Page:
Development, Reliability, and Validity of the Expectations Regarding Aging (ERA-38) Survey

Published in: Gerontologist, v. 42, no. 4, Aug. 2002, p. 534-542

Posted on on January 01, 2002

by Catherine A. Sarkisian, Ron D. Hays, Sandra H. Berry, Carol Mangione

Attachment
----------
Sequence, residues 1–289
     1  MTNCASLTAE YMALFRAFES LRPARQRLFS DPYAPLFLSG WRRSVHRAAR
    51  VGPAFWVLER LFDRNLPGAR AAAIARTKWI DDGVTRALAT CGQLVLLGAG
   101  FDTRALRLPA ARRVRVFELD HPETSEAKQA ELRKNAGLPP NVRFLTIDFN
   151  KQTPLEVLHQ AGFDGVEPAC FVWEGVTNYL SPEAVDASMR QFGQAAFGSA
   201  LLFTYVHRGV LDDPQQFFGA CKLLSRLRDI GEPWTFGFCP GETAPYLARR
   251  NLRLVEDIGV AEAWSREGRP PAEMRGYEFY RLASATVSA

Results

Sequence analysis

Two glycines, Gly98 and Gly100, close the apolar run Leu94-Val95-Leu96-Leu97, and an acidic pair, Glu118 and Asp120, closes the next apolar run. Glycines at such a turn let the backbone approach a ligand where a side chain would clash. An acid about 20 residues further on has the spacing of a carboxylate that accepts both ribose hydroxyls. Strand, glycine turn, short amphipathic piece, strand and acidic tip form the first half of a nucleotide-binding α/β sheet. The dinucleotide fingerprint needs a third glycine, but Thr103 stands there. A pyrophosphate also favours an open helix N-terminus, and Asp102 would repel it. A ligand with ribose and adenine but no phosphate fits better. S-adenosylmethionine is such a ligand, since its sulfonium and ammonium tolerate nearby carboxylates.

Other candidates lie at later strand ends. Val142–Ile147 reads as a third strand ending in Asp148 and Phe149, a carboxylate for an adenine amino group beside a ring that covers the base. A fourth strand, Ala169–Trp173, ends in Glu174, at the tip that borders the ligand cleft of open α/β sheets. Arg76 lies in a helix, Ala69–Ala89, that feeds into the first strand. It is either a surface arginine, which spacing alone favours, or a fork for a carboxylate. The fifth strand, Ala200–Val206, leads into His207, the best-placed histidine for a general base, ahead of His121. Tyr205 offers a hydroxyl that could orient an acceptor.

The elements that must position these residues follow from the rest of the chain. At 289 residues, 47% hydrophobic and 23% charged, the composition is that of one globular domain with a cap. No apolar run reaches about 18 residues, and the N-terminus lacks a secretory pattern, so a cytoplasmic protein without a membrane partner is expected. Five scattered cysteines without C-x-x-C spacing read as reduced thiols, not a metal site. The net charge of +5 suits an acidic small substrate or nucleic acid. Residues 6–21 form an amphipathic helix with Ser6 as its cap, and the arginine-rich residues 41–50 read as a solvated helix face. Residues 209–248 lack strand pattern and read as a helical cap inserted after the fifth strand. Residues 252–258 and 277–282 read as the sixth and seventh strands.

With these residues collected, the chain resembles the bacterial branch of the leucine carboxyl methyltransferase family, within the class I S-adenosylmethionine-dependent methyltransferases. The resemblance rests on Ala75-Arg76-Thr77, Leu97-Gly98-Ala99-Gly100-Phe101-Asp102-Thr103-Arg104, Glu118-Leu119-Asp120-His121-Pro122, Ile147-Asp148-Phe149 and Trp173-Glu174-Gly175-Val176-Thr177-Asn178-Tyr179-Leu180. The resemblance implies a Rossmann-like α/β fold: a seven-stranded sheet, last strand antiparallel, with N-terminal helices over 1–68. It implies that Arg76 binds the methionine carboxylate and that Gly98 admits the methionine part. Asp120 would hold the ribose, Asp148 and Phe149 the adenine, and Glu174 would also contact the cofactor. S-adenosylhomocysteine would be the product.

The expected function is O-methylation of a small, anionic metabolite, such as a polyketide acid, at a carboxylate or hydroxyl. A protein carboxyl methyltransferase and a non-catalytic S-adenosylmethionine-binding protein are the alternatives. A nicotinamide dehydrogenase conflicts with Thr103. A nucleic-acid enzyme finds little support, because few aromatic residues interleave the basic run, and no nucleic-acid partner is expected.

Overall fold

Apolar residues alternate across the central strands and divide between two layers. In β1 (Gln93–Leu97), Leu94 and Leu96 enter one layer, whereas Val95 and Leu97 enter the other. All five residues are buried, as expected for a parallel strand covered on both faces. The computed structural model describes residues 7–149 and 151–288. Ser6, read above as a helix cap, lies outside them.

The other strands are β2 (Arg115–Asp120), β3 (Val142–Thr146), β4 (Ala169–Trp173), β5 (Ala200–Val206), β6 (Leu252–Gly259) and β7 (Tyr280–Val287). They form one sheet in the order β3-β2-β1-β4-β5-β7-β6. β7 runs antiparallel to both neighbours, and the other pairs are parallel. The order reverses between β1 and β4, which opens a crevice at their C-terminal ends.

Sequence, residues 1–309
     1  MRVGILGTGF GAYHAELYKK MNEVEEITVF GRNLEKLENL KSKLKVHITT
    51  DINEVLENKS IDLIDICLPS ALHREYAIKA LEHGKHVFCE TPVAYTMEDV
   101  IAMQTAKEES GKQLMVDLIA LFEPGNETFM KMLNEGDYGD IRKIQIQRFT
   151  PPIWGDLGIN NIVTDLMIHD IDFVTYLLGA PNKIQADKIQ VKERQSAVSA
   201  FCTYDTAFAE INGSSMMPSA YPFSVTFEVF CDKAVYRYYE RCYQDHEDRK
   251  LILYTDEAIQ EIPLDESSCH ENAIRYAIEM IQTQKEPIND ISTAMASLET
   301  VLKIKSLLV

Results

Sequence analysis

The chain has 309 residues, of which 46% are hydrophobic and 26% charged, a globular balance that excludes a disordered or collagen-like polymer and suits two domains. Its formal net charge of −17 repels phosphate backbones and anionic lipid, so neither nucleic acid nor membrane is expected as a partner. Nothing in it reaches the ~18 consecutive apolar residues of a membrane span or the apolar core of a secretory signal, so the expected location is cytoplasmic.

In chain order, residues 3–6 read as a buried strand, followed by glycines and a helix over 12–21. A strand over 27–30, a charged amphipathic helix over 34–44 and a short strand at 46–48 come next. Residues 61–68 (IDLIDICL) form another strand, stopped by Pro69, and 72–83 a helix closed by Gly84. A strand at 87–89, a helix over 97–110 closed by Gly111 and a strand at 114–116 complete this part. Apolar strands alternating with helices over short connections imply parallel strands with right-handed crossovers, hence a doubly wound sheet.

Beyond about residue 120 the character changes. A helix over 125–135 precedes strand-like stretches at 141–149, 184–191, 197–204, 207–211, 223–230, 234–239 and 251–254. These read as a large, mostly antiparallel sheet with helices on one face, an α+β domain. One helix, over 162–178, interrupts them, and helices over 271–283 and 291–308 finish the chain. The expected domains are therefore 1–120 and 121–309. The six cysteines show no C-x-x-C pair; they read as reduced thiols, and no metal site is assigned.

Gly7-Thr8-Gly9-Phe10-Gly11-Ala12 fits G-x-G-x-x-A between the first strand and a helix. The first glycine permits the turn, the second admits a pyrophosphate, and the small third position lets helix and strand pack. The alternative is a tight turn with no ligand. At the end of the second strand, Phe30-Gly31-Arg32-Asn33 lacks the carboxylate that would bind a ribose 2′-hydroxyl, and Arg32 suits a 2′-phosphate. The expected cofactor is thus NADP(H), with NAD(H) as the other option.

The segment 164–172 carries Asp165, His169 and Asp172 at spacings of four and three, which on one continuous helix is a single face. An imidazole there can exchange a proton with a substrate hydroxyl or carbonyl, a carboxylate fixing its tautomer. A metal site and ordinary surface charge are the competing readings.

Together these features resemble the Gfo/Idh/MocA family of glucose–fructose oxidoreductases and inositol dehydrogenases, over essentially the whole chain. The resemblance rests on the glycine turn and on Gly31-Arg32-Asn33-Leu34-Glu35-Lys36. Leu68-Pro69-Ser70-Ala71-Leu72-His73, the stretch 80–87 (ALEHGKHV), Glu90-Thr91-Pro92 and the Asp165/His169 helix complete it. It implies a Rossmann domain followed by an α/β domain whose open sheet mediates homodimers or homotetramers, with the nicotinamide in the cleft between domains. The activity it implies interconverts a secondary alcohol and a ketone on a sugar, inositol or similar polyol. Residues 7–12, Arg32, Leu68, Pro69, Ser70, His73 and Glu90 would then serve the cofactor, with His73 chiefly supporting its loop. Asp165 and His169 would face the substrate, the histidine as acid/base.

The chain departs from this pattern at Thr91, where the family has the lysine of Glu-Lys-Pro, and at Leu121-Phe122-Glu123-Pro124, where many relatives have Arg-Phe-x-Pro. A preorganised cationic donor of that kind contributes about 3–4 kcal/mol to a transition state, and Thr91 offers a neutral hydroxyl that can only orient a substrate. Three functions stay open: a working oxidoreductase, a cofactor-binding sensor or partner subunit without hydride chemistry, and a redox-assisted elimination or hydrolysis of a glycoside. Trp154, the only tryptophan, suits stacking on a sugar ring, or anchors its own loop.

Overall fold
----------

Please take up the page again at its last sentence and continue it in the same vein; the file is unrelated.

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PURPOSE: To develop a reliable and valid instrument to measure older adults' expectations regarding aging. Design and Methods: Using focus groups, cognitive interviews, and multitrait scaling analysis, the authors developed a 38-item survey to measure expectations regarding aging (ERA-38). The survey consisted of 10 scales, each representing a domain of expectations. They mailed the survey to 588 English-speaking patients aged 65 years and older cared for by University of California, Los Angeles-affiliated physicians. RESULTS: Four hundred twenty-nine participants (73%) completed the survey. The mean age was 76 years; 54% were women. Most were White (76%). All scales other than Pain demonstrated good internal consistency reliability (alpha >/=.73) and item discrimination (>/=.80). Sixty-eight percent of respondents stated that all or most of the ERA-38 addressed things that were important. Construct validity was supported by correlations with age, activities of daily living, the Medical Outcomes Study Short Form-12 physical and mental component scores, and the Geriatric Depression Scale. IMPLICATIONS: Considerable support for the reliability and construct validity of the ERA-38 was obtained in this field study of 429 older adults. This instrument should be useful to investigators interested in measuring expectations regarding aging among older adults.

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